You might be thinking that you wish you would have had this to read before the week’s heat wave, but I can pretty much guarantee this heat wave won’t be the last that we will see here in central NC. Y’all, in case you haven’t been outside, it’s HOT. And if you get hot and dehydrated outside, guess what? So are all of those lovely plants in your garden. Although your plants need water no matter what, they will definitely need some extra attention in the form of watering during these especially hot times. While you may be tempted to stay seated on top of the AC vent with a cool drink in your hand, “for garden’s sake”, take one for the team and go water your plants (see what I did there?). We know you probably have some questions about when to water, how much, and all that…so here ya go:
How much should I water and how often?
When the weather is as hot as it is right now, you really should be watering your lawn every day if you can. However, there are watering restrictions in place for most of the area, so simply water as often as you can. (Wondering about watering restrictions in your community? Check here for Durham, here for Cary and here for Carrboro-Chapel Hill.) A sprinkler system is great for watering, however, if you don’t have one, you will need to water by hand or get a sprinkler you can attach to a hose and move around so that all of your lawn reaps the benefits.
Vegetable and Flower Gardens
Water deeply at least two to three times a week. When we say deeply, that means at least an inch of water every time you water. Not sure how much that is? Place a cup under the sprinkler/hose where you are watering and when it is close to an inch, you should be pretty good. For larger gardens, an irrigation system would be a huge help. To conserve water, you may want to consider a rain barrel. A rain barrel like this one hooks up to a hose and may come in handy when watering your garden.
Your containers need to be watered every day, especially when temperatures are so high. Sometimes you might even have to water in the morning and the late afternoon like we do in our Garden Center. If your containers are in a spot where they get full sun for many hours throughout the day, you might want to consider moving them to a spot that gets only partial sun or covering them with a shade cloth for portions of the day. A shade cloth can be used in your flower gardens and vegetable gardens if needed as well.
When and where do I water?
Hands down, the best time of day to water is early in the morning. Watering during the day can increase risk of disease. If you can’t water early in the morning, water late in the evening, especially before days forecasted to have dangerously high temps.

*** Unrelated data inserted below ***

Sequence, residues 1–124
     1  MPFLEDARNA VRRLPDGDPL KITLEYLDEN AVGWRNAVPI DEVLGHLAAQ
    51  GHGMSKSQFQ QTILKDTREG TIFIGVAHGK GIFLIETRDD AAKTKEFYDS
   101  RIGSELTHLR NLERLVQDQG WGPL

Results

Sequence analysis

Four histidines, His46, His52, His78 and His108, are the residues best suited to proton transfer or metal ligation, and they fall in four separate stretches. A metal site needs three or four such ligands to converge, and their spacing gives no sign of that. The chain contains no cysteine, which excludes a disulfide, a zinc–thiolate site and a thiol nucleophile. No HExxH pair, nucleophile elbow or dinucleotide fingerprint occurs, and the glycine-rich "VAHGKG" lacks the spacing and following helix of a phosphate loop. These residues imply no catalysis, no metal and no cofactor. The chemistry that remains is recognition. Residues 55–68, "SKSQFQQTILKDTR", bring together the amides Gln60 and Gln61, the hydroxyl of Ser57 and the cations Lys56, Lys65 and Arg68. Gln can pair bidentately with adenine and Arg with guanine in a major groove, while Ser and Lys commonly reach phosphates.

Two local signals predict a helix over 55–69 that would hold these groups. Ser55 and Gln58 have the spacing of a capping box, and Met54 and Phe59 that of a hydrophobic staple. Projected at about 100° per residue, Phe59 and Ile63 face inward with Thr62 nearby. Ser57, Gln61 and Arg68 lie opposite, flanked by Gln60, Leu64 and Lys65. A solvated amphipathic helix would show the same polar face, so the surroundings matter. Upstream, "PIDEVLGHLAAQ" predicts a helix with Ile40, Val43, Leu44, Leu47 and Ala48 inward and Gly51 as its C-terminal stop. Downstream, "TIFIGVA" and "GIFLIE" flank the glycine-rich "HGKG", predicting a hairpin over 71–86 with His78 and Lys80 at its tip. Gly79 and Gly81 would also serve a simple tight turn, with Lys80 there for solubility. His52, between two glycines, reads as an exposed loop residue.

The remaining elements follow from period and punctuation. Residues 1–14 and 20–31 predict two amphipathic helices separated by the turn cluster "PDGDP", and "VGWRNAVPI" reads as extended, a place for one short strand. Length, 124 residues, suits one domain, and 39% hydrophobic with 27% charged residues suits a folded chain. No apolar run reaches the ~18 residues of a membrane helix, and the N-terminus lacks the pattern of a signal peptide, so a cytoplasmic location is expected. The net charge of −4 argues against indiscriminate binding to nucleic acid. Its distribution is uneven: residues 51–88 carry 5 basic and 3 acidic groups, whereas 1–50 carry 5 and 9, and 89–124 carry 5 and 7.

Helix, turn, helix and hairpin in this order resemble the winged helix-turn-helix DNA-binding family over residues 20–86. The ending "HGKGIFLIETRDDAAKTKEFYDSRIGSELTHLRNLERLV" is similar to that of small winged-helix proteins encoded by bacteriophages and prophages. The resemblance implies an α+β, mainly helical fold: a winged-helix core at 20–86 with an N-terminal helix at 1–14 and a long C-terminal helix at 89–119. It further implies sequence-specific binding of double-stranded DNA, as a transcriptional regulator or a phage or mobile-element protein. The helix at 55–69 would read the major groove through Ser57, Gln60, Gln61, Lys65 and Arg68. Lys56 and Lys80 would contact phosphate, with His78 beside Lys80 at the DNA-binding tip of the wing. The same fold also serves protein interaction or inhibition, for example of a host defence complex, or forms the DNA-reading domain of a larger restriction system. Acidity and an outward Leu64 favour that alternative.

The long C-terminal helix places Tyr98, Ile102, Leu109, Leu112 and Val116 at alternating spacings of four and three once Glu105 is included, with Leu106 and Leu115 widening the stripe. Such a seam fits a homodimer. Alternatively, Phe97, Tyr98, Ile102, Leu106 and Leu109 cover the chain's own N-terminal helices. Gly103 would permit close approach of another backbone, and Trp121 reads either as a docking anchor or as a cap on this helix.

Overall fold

Water at the base of the plant. While you can’t avoid getting some water on the leaves, avoid pointing your hose or sprinkler system directly at the plant. Watering the leaves can also increase the risk of disease. If you are hose watering, use the “shower” setting. Focus on one plant at a time instead of simulating a rain shower. When/if water starts to puddle, move to another plant and then return back to that plant when puddle has subsided. Think of your soil like a sponge. If you dip a sponge quickly, the edges only retain the water. But dipping multiple times, eventually the sponge (soil) will become saturated.
What else should I know?
Having a 2-3 inch layer of mulch around your plants will help keep water in the ground longer. If you have an especially large area (1,000 sq. ft+) that needs mulching, our landscape team would be happy to set up a consultation and make that happen for you.
Love your mater and mayo sandwiches with a fresh tomato from your garden? Make sure your tomatoes are being water well and consistently. When tomatoes go from being really dry to wet and that cycle is repeated, they are more like to get disease and to crack. And no one wants those ugly crack in their beloved tomatoes.
Many of your plants will have droopy leaves in the heat of the day. If you are watering, and finding that the leaves are the plant are still droopy in the morning, that means you are not watering enough or you are watering too much. Check the soil around those plants. If the soil is moist, you are probably giving the plant too much water. If the soil is dry, you are probably not giving it enough water.
Hopefully, you will keep all your lovely plants alive during these heat spells. But if the worst were to happen and your plants die, come and see us. We still have many beautiful plants that would love to make their forever home in your garden.